Yes, instead of the ListProperty

All right. Following your advice, I managed to get the plugin working as expected! However, I noted one shortcoming, namely:

We can declare dependencies like this in a build.gradle file:

dependencies {
	implementation(project(group: ":shared", configuration: "scala212RuntimeElements"))
	testImplementation(platform("org.junit:junit-bom:5.10.1"))
}

How do i go about actually supporting these internal Gradle concepts in my own plugin, without actually coupling to the org.gradle.api.internal.artifacts.dependencies classes, and without reimplementing those things myself?

I’m not sure what you mean.
For what would you use internal classes?

Recall that I’m trying to reduce dependency duplication across my modules. My plugin provides and extension where each module can say, “These dependencies are common to all source sets”. However, I cannot (at this point in time) say, “use this module as a dependency” via my plugin. Concretely, I cannot do this:

scalaNg {
	impl(project(":shared"))
}

Nor can I do this:

scalaNg {
	impl(platform("org.junit", "junit-bom", "5.10.1"))
}

When I poked around the Gradle internals, I saw that it has the concept of Dependency (which is an interface), and a bunch of implementations that are in the internal package.

Essentially, I want to be able to use the Dependency interface (and implementations), in my own plugin, so I can benefit from the methods like project(), platform(), enforcedPlatform() etc.

Sure I would have to define those methods in my own extension, but I am hesitant to use Gradle’s internal classes, i.e., things that sit in the internal package and below.

I think one way would be to require your users to do

scalaNg {
	impl(dependencies.project(":shared"))
}

and having org.gradle.api.artifacts.Dependency / Provider<out org.gradle.api.artifacts.Dependency> as argument.

Another way would probably be to just have something like these in your extension:

abstract class EmpicSettingsExtension {
    @get:Inject
    protected abstract val dependencies: DependencyHandler
    fun platform(notation: Any) = dependencies.platform(notation)
}

Not directly related to your response, but I am still trying to develop an intuition around Gradle’s laziness and what things should be lazy versus what things should not be lazy.

The Code

Suppose I have this plugin

class DynamicSourceSetsPlugin : Plugin<Project> {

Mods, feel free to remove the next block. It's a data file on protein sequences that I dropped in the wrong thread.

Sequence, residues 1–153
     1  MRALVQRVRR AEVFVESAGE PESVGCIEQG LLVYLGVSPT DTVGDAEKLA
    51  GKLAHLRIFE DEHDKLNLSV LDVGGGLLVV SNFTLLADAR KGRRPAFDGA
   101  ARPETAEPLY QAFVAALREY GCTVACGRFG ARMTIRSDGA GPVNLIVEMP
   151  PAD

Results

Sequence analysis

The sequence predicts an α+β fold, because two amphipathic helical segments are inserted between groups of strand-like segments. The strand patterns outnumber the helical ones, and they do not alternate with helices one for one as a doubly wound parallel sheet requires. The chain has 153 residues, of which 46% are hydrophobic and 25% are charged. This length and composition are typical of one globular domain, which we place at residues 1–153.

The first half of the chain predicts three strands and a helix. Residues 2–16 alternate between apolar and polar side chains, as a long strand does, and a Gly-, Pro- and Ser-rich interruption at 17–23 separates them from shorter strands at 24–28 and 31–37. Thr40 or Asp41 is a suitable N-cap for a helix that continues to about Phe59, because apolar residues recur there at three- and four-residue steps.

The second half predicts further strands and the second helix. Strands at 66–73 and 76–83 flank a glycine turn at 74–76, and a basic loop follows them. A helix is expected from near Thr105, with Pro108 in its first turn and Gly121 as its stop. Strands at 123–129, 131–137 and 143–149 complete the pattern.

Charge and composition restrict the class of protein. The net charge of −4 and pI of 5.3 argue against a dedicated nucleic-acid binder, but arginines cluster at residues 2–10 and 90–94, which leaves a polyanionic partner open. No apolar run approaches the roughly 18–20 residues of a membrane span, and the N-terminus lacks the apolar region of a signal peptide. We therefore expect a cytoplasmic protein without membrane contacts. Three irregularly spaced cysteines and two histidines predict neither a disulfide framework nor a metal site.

override fun apply(project: Project) {
        val objects = project.objects
        val builds = objects.domainObjectContainer(Build::class.java) { name ->
            objects.newInstance(
                Build::class.java,
                name
            )
        }
        project.extensions.add("builds", builds)
        createSourceSets(project)
    }

    private fun createSourceSets(project: Project) {
        @Suppress("UNCHECKED_CAST") val builds =
            project.extensions.getByName("builds") as NamedDomainObjectContainer<Build>
        builds.all {
            val sourceSetContainer = project.extensions.getByType(SourceSetContainer::class.java)
            val sparkVersionFmt = this.sparkVersion.get().replace(".", "")
            val scalaBinaryVersionFmt = this.scalaBinaryVersion.get().replace(".", "")
            val sourceSetName = "mainSpark${sparkVersionFmt}Scala${scalaBinaryVersionFmt}"
            val mainSourceSet = sourceSetContainer.create(sourceSetName) {
                val main = sourceSetContainer.getByName("main")
                java.setSrcDirs(main.java.srcDirs)
                resources.setSrcDirs(main.resources.srcDirs)
            }

            val testSourceSetName = "testSpark${sparkVersionFmt}Scala${scalaBinaryVersionFmt}"
            sourceSetContainer.create(testSourceSetName) {
                val test = sourceSetContainer.getByName("test")
                java.setSrcDirs(test.java.srcDirs)
                resources.setSrcDirs(test.resources.srcDirs)
                compileClasspath.plus(mainSourceSet.output)
                runtimeClasspath.plus(mainSourceSet.output)
            }
        }
    }
}

abstract class Build @javax.inject.Inject constructor(val name: String) {
    abstract val sparkVersion: Property<String>
    abstract val scalaBinaryVersion: Property<String>
}

The Problem

When I apply the plugin, and configure it like so:

builds {
    create("Spark 3.5.0 with Scala 2.13") {
        sparkVersion.set("3.5.0")
        scalaBinaryVersion.set("2.13")
    }

    create("Spark 3.5.0 with Scala 2.12") {
        sparkVersion.set("3.5.0")
        scalaBinaryVersion.set("2.12")
    }
}

I encounter the follow error:

Cannot query the value of property ‘sparkVersion’ because it has no value available.

I understand what the message is telling me, that sparkVersion and scalaBinaryVersion are not known during the evaluation and configuration phases of the project’s lifecycle and I am trying to access them in my plugin by using Property#get() before the value has been set. The thing is that I need those values in order to dynamically create my source sets.

Beyond using Project#afterEvaluate, I am not sure how to overcome this issue.